Article: Closing the skills gap in the AI era: A global imperative


Closing the skills gap in the AI era: A global imperative

Strategies to reskill the tech industry in the AI era and bridge the digital skills gap for a more productive future of work.
Closing the skills gap in the AI era: A global imperative

AI is now the most omnipresent technology. Every tech company today wants to be recognised as an AI leader, investing in and integrating their current solutions with AI technologies. However, this large-scale demand for AI infusion into tech solutions is also baring the tech talent gap in the industry. 

As technologies like generative AI and automation reshape work environments positively, the human workforce needs to adapt and align with these transformations to retain their significance in the digital economy. Projections on a global scale indicate that by 2030, more than 85 million job positions will remain vacant due to a shortage of skilled individuals. Also, the rise of the Automation Economy, propelled by concerns about productivity, is redefining how organisations invest in their capabilities. To counter this, organisations must place great emphasis on implementing a robust talent strategy aimed at educating, training, and upskilling their workforce.

Building a ‘future of work’ that works 

As this productivity revolution drives the reliance on automation and AI, the urgent demand for digital skills is soaring, but only 2.5% of India's engineers possess AI expertise. This is a global issue, with over half of the world's IT workers needing reskilling, according to the World Economic Forum (WEF). The potential gains are immense; WEF's Future of Jobs report predicts that by 2025, humans and machines will share equal workloads.

Reskilling demands a shift in mindset towards a utopian work model where human qualities like creativity and empathy are valued, while digital workers handle routine tasks. This isn't just a dream; many organisations are already adopting this approach.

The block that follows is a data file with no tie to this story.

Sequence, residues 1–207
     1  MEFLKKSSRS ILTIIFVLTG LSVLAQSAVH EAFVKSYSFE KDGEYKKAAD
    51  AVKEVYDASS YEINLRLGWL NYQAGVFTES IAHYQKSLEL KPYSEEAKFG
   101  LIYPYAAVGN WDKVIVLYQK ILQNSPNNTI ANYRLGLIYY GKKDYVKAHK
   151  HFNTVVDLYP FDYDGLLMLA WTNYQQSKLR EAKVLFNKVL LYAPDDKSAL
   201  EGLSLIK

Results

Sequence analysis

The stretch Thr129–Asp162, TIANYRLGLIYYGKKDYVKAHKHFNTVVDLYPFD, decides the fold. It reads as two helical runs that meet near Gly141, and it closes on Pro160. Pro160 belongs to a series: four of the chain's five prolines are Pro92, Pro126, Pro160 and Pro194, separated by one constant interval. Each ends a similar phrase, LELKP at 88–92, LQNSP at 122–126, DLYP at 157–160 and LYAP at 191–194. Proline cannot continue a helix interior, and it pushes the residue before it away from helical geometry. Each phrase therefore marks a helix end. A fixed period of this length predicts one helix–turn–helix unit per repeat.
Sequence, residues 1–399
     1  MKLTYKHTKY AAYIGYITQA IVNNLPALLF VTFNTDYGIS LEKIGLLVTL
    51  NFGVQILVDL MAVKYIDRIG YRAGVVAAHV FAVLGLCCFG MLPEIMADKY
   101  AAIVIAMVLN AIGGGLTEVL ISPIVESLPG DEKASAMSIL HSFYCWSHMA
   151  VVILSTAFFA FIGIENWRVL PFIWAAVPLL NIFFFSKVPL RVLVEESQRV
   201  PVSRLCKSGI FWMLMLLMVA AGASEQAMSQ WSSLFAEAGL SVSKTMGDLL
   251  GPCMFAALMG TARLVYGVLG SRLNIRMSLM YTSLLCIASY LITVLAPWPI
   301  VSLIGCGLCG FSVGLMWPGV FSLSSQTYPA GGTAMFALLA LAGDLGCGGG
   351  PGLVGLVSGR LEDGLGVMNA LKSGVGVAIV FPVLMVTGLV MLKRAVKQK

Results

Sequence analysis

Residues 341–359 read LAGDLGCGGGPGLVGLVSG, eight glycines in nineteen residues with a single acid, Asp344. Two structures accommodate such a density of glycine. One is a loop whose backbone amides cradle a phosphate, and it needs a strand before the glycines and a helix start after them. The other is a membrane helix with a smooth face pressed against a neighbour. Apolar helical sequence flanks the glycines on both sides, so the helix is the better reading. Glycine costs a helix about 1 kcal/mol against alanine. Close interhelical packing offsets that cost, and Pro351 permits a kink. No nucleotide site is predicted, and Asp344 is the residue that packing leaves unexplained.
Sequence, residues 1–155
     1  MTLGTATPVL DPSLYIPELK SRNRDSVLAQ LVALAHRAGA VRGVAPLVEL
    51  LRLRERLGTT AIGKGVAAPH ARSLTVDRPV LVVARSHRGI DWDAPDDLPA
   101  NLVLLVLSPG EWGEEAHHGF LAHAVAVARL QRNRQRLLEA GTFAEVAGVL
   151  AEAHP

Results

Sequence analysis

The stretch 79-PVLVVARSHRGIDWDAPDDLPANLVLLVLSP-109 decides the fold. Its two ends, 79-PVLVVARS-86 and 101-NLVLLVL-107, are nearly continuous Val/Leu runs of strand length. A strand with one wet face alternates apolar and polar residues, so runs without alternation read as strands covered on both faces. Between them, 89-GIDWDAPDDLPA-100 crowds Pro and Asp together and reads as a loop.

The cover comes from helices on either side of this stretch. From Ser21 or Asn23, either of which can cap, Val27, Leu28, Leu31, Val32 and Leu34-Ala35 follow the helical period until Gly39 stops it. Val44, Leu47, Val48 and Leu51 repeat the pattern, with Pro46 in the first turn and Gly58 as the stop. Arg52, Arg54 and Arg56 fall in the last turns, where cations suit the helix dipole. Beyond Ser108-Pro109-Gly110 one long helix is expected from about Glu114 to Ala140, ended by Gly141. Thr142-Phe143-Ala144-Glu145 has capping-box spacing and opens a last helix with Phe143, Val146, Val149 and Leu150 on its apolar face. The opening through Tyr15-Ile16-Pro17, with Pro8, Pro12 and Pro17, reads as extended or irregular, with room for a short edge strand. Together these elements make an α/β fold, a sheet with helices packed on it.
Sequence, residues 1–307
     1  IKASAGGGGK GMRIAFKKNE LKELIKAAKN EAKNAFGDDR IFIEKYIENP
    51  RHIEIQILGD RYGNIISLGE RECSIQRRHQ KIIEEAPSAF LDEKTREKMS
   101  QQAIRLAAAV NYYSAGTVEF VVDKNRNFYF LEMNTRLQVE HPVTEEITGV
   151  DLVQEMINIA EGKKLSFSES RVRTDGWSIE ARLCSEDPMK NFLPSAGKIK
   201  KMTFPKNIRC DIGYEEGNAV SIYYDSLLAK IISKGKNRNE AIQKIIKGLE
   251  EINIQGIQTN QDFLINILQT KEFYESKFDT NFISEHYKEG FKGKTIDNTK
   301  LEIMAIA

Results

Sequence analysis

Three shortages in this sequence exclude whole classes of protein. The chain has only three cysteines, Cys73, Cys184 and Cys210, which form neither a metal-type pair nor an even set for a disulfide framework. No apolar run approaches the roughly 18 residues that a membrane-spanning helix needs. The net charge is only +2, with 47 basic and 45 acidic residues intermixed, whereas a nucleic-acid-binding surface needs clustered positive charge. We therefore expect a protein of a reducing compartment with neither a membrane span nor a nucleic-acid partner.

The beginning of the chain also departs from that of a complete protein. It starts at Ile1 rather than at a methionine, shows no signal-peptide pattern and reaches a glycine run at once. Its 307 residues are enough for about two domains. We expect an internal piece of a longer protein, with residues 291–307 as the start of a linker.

Intelligent automation, combining robotic process automation (RPA) and AI, is driving innovation across industries. All employees must prepare for the future of work as industries evolve. Consider Merck Life Sciences, employing over 60,000 individuals across 60+ countries, including India, using RPA and AI. These automations reduce errors, speed up regulatory processes, and enhance sales activities, ultimately boosting revenue and performance.

Putting everyone to work on reskilling

One of the big challenges for leaders, both in the world and in business, is the need for scaling up. For instance, in India, a recent report by TeamLease Degree Apprenticeship revealed that 52% of Indian employees must improve their digital skills within the next two years. To tackle this reskilling challenge on a large scale, we require a combined effort from the government, education, and private sector. This can be achieved through the following ways:

Make learning achievable: Instead of diving into the deeply technical aspects of AI, companies can begin by introducing the workforce to tools that require no-code or low-code experience Further, citizen development programs can be implemented. These programs encourage employees to be innovative problem solvers and foster a sense of ownership as they witness the direct impact of their work on business outcomes using no-code/low-code tools. These programs allow them to savour initial automation successes almost immediately and to envision greater possibilities for bots to help them in the future. 

Take advantage of existing partnerships: Companies should leverage the knowledge of their existing technology partners to quickly roll out skilling programs. The National Health Service in the UK, for example, was able to offer its 1.7 million employees automation training via the help of its technology partner.

Extend this focus into social and community impact: Social inequalities and skills gaps are challenges that impact everyone, either directly or indirectly. Many organisations already have Corporate Social Responsibility (CSR) programs in place. By including training and mentoring for disadvantaged communities in these initiatives, we can create a significant positive impact on skill development across society. For instance, Rural Shores, which is training rural youth in India to access economic opportunities generated by tech jobs, fostering both personal growth and community development.

The world goes through a period of re-adjustment during every technological revolution. With this current productivity revolution and the clear rise of the Automation Economy, we need to push for reskilling to ensure that millions of people find or retain meaningful and gainful employment, and we need to work together toward this momentous and fulfilling task.

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Topics: Technology, Skilling, #SkillUp, #Artificial Intelligence

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